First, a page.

Mistress America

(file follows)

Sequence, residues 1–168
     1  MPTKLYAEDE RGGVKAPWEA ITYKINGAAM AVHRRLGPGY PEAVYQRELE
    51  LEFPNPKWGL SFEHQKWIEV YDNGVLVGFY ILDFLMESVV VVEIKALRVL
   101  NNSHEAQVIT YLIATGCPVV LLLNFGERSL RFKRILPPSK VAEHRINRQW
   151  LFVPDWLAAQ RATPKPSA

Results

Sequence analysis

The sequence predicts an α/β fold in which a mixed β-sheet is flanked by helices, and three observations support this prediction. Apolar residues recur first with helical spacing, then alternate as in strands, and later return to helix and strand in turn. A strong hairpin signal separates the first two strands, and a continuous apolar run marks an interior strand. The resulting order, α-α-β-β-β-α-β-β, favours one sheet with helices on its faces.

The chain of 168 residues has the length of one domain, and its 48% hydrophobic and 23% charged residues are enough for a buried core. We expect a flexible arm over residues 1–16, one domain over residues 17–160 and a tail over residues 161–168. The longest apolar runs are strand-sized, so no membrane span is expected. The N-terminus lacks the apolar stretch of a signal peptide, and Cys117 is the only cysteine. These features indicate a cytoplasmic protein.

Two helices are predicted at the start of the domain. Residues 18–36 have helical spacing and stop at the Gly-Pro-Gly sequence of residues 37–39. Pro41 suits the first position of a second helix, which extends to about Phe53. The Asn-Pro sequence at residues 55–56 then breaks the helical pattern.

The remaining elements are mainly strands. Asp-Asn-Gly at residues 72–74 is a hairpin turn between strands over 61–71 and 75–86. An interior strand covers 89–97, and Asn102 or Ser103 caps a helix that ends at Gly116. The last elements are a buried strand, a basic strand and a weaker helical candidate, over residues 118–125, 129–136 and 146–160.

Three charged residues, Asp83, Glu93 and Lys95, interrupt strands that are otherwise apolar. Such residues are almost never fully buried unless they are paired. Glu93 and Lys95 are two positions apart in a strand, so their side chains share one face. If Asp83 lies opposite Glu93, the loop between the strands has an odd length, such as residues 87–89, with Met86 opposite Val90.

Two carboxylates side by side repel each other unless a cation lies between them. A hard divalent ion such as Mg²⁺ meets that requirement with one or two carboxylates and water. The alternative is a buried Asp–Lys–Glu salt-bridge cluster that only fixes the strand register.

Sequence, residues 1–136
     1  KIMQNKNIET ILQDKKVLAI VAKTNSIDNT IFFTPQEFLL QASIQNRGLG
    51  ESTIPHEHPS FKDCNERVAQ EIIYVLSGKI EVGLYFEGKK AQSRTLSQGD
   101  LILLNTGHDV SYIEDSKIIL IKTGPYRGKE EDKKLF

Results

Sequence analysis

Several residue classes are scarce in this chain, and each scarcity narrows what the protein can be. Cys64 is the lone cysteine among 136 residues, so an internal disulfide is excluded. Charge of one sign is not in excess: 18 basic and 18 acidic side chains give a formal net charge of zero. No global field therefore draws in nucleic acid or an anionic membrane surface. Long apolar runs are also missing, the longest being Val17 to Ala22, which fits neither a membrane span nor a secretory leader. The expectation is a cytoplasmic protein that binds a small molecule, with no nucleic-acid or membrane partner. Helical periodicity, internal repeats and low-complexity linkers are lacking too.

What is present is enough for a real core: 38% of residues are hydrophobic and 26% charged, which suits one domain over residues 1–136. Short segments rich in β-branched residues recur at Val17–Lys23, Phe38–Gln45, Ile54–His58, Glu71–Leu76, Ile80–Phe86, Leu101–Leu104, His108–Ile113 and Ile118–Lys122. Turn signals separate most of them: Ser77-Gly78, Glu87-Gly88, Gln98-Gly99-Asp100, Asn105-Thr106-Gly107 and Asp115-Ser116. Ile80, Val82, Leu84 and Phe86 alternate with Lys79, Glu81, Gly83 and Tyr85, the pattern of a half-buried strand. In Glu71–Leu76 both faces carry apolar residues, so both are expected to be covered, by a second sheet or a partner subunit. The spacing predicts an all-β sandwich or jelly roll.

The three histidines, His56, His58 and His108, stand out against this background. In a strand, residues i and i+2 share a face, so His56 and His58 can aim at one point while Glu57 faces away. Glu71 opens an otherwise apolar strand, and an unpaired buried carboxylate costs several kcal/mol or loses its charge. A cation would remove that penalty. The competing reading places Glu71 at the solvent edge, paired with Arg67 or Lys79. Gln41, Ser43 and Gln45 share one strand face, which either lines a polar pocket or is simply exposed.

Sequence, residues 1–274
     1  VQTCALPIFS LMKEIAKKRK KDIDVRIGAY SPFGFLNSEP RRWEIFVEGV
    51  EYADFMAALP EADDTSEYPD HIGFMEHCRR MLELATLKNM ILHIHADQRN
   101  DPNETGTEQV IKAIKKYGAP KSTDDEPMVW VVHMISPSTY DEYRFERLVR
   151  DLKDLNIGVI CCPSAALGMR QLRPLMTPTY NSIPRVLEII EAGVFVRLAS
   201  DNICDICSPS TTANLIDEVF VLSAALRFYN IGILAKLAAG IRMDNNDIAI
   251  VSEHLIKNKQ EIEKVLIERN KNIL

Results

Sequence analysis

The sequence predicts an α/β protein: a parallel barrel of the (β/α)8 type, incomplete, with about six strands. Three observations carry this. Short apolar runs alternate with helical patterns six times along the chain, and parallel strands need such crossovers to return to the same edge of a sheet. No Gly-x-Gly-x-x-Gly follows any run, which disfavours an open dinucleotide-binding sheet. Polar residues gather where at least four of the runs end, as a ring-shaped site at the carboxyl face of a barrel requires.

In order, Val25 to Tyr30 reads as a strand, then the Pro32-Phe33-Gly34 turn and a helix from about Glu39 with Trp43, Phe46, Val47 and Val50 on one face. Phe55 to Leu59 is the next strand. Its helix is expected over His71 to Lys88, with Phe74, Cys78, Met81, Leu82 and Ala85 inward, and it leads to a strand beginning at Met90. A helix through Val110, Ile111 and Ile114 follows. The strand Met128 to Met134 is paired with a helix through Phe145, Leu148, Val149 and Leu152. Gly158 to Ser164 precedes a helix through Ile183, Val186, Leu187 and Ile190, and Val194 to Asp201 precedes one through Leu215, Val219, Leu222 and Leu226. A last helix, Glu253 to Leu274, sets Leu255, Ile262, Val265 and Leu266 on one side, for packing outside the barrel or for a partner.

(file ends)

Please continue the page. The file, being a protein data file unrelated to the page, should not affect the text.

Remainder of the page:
I went out to work and had discussions of “The Holy Mountain,” Green Day Fireworks Night, and The Terminator. Afterwards, I walked over to Safeway to buy some fruit. I was too hungry to wait to get home to eat, so I had my Italian wrap right there at the bus stop. After dropping off my food, I went over to the California Theatre to see the Noah Baumbach movie “Mistress America.” I was the first person to buy a ticket for the 5:00 showing, but I didn’t see anyone else come into the theatre as the showtime approached. When the theatre manager came in to talk about coming attractions, I was still the only one in the place, so she joked that I was getting a private screening. She didn’t give me a reminder to turn off my cell phone, but then I didn’t have one, anyway. This was another production involving Noah Baumbach and Greta Gerwig, but the main character was a college freshman who had writing aspirations. The upcoming marriage of her mother causes a crossing of paths with Greta, who again has financial difficulties, this time revolving around an attempt to start a restaurant. Do we always hear songs by Paul McCartney and Hot Chocolate in Baumbach’s movies? The songs were “No More Lonely Nights” and “You Could’ve Been a Lady.” I detected traces of Woody Allen movies like “Hannah and Her Sisters,” “Broadway Danny Rose,” and “Annie Hall.” You’ve got one woman using another woman’s life as material for writing, which happened with Dianne Wiest and Mia Farrow. We saw Thanksgiving as a marker for changes in people’s lives, with images of parade balloons to indicate the day. A shot of the two main character talking is at the end of the movie, reminiscent of Woody Allen and Diane Keaton. I wondered if Greta Gerwig was being split in two for this story, with herself as Brooke and herself ten years ago as Tracy making up the parts. Tracy doesn’t seem to spend much time doing work in college. The funny thing is that she and Brooke seem like they could really be sisters. We see little jokes about New York apartments. One scene that didn’t seem real to me was the group of people reading the story. I had a flashback to Alan Rudolph. I liked the bit of sadness at the end. People are drawn together and pull apart by things that they can’t control, like relationships that don’t work out. I had forgotten for a while that “Frances Ha” was in black and white. This one felt like Truffaut going from “Jules and Jim” to “Small Change,” or something like that. Of course, I couldn’t help thinking that the restaurant part of the story was really about the difficulties in making a movie, and Brooke’s life was really about being an actress. I also looked at this movie in the light of “Trainwreck.” I think I relate to Greta Gerwig better. So far, I’ve liked the Baumbach movies with Greta Gerwig more than the ones without her, although I’ve seen only one without her, and that was “While We’re Young.” This is the kind of movie I’d like to see a second time. It turned out that I wasn’t quite alone in the theatre. Two other people made their way in to see it after the lights went out. I was a little surprised that this movie didn’t attract some more people. Nobody wants to go out and pay to see a movie unless it’s a current blockbuster. That’s a shame. This movie didn’t have the superheroes and CGI and noise that I’m so tired of in the movies that have been released this year. I don’t put Noah Baumbach in the same class as Woody Allen or Francois Truffaut, but at least I look forward to his movies. Greta Gerwig is in her early thirties and should have many productive years. Noah Baumbach is in his mid-forties, and he has more to say than many directors, especially the very young ones. I’d rather see “Mistress America” again than “Straight Outta Compton” or “The Man from U.N.C.L.E.” I went home and had something to eat before watched the Partridge Family episode “All’s War in Love and Fairs.” Harry Morgan played another of those scheming characters. I fell asleep towards the end of the NUMB3RS episode “Blowback.” Colby made a foolish mistake. I awoke and was able to watch Paul Simon’s appearance on the Stephen Colbert show. I don’t think it’s easy to do the whistling on “Me and Julio Down By the Schoolyard.” One of the things that struck me was that Paul Simon wasn’t wearing a hat. He looked older than the last time I saw him on television. I didn’t miss Garfunkel. Colbert had a big first week, but I can live without his show. I am upset that there is no Beatles morning radio program on the radio here anymore. Instead, I listened to the “Let It Be” album. Some of the people who died on September 12 include Steve Biko (1977), Anthony Perkins (1992), Raymond Burr (1993), Tom Ewell (1994), Victor Wong (2001), Johnny Cash (2003), and Claude Chabrol (2010). Today is a birthday for Linda Gray (75) and Ian Holm (84). According to the Brandon Brooks Rewind radio segment for September 12, the “Bonanza” television series debuted on NBC in 1959. In 1978, “Taxi” made its debut on ABC. In 1999, Graham Nash broke both his legs in a boating accident in Hawaii. In 2003, Johnny Cash died of complications from diabetes at age 71.

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